It’s the second week fully back and work, and I’m feeling like I’m getting in to the swing of things. I’m loving the opportunity to reconnect with my clients, and I feel like I’ve been able to bring some new ideas to my daily flow after having a bit of time away. It felt like there were some wins this week, too: my sister came over for dinner, and that night, Will started getting himself down to sleep at the start of the night without a whole nursing, bouncing routine. We’ve also spent the last two days watching the Olympics; this was something I really enjoyed for the summer games in Rio but wasn’t super on my radar for the winter games. So far so good.
Here’s what I’m eating and reading this week:
WEEKLY MENU PLAN
All the options below are dairy-free and soy-free recipes now that we’re managing a dairy- and soy-protein intolerance in our little one.
Sunday: Pork chops with chile rice & peanuts (from Cook’s Illustrated One-Pan Wonders)
Monday: Leftovers + roasted broccoli
Tuesday: Leftovers (again! The pork chops & rice recipe made so much)
Wednesday: Cilantro pesto pasta with pan-seared chicken and white beans, green beans
Thursday: Leftovers + side salad
Friday: Orecchiette pasta with sausage and broccoli, side salad
Saturday: Cilantro-lime rice and black bean burrito bowls
WHAT I’M READING AND ENJOYING THIS WEEK:
This sounds good and I wish they had a lunch option.
I did not get involved in the hygge craze, though I totally buy into the idea that comfort and coziness for their own sakes are a good idea. Apparently, everyone baking cinnamon rolls caused a shift in the demand and price of cinnamon around the world.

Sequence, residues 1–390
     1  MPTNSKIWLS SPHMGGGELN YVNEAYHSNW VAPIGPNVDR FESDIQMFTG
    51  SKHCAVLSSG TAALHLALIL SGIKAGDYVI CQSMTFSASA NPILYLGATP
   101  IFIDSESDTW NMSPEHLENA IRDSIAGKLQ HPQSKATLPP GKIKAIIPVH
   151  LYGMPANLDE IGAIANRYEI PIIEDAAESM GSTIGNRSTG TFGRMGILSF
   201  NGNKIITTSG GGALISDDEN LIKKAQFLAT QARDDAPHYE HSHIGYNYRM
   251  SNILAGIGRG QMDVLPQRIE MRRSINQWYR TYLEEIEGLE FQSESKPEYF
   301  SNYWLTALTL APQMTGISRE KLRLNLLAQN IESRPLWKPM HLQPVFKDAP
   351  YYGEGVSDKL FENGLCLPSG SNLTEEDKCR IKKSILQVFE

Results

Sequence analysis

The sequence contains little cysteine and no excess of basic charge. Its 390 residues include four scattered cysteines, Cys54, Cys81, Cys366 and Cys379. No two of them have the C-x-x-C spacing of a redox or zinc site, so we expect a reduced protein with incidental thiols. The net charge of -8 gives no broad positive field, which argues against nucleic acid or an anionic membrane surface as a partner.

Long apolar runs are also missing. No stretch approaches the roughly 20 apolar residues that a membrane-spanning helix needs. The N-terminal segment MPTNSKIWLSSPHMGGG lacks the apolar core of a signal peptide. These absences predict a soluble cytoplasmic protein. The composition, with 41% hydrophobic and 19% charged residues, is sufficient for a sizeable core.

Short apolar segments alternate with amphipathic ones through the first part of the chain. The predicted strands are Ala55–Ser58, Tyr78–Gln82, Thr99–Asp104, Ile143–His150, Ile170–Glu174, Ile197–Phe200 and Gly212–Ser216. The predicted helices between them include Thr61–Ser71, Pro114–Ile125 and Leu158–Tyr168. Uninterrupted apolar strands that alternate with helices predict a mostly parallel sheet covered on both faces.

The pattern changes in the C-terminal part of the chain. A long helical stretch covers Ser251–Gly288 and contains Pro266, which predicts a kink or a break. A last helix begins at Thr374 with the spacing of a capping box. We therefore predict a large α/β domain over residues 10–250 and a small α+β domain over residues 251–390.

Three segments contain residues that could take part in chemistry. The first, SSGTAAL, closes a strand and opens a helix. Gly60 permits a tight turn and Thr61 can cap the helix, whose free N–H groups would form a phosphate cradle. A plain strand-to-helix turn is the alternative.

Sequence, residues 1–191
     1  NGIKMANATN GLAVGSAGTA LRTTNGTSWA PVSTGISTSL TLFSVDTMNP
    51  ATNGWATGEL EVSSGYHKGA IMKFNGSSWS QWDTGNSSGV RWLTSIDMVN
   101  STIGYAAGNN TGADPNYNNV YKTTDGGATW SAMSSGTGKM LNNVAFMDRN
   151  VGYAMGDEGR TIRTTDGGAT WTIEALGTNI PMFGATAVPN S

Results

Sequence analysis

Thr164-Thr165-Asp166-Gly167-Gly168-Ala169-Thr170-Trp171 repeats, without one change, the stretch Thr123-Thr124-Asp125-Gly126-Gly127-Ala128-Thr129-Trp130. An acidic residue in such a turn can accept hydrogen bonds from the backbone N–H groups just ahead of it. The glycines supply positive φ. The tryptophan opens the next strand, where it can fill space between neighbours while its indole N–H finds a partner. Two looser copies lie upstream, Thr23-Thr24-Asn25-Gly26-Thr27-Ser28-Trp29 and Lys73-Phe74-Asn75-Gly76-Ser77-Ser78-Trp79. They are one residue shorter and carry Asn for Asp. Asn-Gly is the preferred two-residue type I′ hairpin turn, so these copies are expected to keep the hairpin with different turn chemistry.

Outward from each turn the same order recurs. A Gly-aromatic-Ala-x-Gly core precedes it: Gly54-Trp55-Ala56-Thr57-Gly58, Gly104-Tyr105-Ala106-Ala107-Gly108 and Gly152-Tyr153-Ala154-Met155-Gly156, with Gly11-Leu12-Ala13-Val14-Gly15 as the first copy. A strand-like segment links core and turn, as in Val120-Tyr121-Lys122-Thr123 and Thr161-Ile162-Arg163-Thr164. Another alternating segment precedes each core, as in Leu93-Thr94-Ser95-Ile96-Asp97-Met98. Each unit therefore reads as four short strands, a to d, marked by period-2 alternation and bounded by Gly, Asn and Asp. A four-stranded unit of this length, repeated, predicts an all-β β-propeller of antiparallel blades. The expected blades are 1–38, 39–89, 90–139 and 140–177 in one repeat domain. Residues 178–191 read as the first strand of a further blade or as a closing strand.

Picking up this book was an impulse when it was on the quick-reads shelf at the library. I wound up reading the whole thing in the course of a single Saturday, and I’m glad I did. I’m not big on feeling the need to forever search for what increases happiness, but there were a couple of good tidbits in this book that I’m glad I read. It’s also a good sign when a book is entertaining enough to keep me interested all day.
In particular, I liked the ideas about saving over the long term for something fun (for me, it might be a big trip to another country when the kids are old enough to enjoy it, which means if we actually save up, we also get the fun job of picking out where in the world we’d like to go), lighting candles at the dinner table just because, and biking more. I realized I took a break from biking to my office during pregnancy and hadn’t really considered getting back into it. I renewed my bike-share membership and biked home for the first time this week, which was totally worth it.
A few of my favorites parts are excerpted below:
“We are drawn in by the illusion of connection without the demands of intimacy, and while there are positive aspects of social media (for example, keeping in touch when geographically apart), we find that people who reduce their consumption of social media are happier and connect more in the real world.” (pg 71)
“Pay now, consume later. If you buy an experience, make sure that it is well into the future, so you can look forward to it.”
The concept of “richer but not happier”: “The US is a key example when it comes to looking at how we have failed to transform wealth into well-being. While the US has achieved economic progress and an accumulation of wealth over the past half century, this has not resulted in an increase in happiness for the people. One of the reasons for this is inequality. If a country doubles in wealth but 90 percent of that wealth goes to the richest 10 percent, that is not growth. That is greed.”
“Perhaps complaining is not a French thing, or an Estonian thing, or a Portugese thing; perhaps it is a human thing. We all love to complain.” The German word Weltschmerz literally means “world pain;” or sadness caused by the state of the world.”